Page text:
There are three ways we can tickle this. This article does not oppose you to think of negative events, but rather, offering some other ways to use this memory accessing skill in making your life more delightful and memorable.

Let go of them.
Truly letting it go is the only way to deal with the negative past we’d experienced. To know if you’re truly letting it go, ask yourself this, can I face the cause if it happens again? Take the previous example, the person who called you stupid, can you face to him/her with zero hatred feeling, that you’ll be neutral to the person and situation if it ever happens again? Surely this is a simple example, as everyone has different hurdles needed to face, and is bigger than being called dumb. Letting it go involves forgiveness, mindfulness, allowing the negative emotions to flow and self-love. It’s often messier than looking at it on the paper and it may take a lot of effort for some people. But as you progressing these necessary stages to the end, nothing you cannot conquer because inner fears are all there is.

Think of your achievements.
This practice is very undervalued and underestimated by the people, and yet, we all have our milestones and every single one of them is significant. Take simple hiking for instance, spending a day outdoor, trekking in the countryside makes you refreshing. For a moment, it might just be another exercise you took to keep fit, but if you think deeper, it’s a journey you have accomplished in your to-do list. You’re not competing with anyone else, you simply put effort into something you wanted to achieve. That’s remarkable. Achievement can be small or big. Frankly, as you live through today, there is already an achievement that can be celebrated!

Reflect the biggest five accomplishments in your life often and what have you done for a day at nights will improve your moods and motivate you to take on a bigger step, while deviating from thinking negative events in the past.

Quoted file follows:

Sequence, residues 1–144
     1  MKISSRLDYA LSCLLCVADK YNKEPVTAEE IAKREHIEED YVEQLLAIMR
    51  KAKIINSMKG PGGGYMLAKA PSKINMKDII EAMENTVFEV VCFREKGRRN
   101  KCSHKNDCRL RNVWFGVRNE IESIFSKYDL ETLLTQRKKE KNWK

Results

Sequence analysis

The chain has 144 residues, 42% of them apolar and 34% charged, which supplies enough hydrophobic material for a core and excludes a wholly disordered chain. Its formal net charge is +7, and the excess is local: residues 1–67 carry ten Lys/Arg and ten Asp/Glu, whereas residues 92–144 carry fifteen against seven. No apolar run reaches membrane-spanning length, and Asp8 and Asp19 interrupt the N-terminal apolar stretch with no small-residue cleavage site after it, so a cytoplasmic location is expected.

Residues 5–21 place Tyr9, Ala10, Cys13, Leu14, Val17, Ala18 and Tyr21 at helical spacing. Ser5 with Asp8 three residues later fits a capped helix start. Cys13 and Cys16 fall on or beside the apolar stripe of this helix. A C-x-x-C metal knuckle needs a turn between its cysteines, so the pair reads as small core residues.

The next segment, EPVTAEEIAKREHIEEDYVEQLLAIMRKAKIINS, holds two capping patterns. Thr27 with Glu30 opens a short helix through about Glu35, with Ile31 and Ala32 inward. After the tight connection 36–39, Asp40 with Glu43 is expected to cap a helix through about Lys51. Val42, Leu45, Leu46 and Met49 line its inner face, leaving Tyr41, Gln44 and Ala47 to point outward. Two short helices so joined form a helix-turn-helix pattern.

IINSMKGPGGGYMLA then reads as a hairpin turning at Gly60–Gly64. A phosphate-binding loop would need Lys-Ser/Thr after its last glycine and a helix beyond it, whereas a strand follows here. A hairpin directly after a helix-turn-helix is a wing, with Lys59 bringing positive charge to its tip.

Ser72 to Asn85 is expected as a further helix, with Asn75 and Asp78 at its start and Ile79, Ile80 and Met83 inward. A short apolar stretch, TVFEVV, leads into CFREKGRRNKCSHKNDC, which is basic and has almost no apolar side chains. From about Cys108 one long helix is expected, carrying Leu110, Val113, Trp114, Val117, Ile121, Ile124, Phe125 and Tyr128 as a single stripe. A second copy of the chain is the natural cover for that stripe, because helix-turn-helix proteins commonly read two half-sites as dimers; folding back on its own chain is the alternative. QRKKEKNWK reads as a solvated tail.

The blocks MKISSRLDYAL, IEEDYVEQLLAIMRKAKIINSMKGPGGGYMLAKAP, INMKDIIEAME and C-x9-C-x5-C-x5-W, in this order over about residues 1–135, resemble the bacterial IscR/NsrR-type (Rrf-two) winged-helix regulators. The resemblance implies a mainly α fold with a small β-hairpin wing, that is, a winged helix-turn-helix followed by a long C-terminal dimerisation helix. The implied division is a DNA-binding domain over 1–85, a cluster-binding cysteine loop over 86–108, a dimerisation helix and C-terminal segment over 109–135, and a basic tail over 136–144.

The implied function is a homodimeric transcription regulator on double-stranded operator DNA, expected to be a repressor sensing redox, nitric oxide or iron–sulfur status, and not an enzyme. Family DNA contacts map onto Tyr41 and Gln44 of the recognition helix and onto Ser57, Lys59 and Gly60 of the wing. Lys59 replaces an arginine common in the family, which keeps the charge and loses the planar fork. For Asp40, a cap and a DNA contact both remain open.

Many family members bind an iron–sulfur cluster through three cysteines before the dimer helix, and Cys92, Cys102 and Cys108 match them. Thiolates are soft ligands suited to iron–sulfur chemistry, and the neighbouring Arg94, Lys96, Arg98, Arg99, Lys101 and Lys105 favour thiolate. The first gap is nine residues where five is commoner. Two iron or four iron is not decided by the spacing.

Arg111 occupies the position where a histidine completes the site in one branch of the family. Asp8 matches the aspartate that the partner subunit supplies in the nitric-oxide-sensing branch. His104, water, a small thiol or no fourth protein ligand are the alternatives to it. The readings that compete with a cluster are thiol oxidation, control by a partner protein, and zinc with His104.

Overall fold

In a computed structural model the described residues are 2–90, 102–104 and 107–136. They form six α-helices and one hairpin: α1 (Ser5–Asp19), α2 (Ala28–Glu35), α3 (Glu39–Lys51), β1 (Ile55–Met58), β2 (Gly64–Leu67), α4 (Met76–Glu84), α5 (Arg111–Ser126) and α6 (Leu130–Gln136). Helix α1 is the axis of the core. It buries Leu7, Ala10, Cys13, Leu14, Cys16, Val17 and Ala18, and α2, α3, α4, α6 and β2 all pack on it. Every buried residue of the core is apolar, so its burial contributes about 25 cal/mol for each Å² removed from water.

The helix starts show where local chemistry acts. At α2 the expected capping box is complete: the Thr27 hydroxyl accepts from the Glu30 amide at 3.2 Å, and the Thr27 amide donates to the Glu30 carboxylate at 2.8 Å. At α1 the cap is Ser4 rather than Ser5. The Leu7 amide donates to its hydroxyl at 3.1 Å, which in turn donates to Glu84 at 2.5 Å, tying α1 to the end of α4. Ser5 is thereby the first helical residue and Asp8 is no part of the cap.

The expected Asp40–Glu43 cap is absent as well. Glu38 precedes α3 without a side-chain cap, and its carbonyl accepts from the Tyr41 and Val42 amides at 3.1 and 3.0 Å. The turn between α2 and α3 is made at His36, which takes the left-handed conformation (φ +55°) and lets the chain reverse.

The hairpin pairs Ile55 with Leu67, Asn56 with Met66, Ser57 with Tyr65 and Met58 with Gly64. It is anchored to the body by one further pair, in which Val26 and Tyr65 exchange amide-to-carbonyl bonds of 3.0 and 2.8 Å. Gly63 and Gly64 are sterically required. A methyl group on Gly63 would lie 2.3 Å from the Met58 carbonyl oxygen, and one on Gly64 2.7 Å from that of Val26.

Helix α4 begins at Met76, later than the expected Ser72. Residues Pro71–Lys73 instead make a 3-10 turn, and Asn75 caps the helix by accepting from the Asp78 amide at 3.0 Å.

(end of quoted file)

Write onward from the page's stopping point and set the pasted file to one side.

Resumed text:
Think of pleasant moments.
If neurochemicals trigger by our thoughts of thinking, our enacting to the surroundings, then why don’t we decide to think of good moments instead of the bad ones? Accessing to the pleasant moments will increase our gratitude, a necessary ingredient to living a life. We aren’t lying to ourselves and ignore the distressing moments, we consciously know they are there and they do not need our attention. Through the practice of letting things go, you’ll soon enough abandon the pain and unnecessary questions, instead, redistributing your energy to better use.

We have control over our decisions and this game isn’t over yet. Tomorrow is a new day the past has already happened and we’re just in the middle of the line regardless of the age. If we can differentiate what is painful what is joyful for us, why don’t we create a lot of good moments from now on? With friends and families. Living our life to the fullest. So when we have to think back in the past, we have something worth remembering.



Pictures by Kumiko SHIMIZU, Aaron Burden, David Clode, Allef Vinicius from unsplash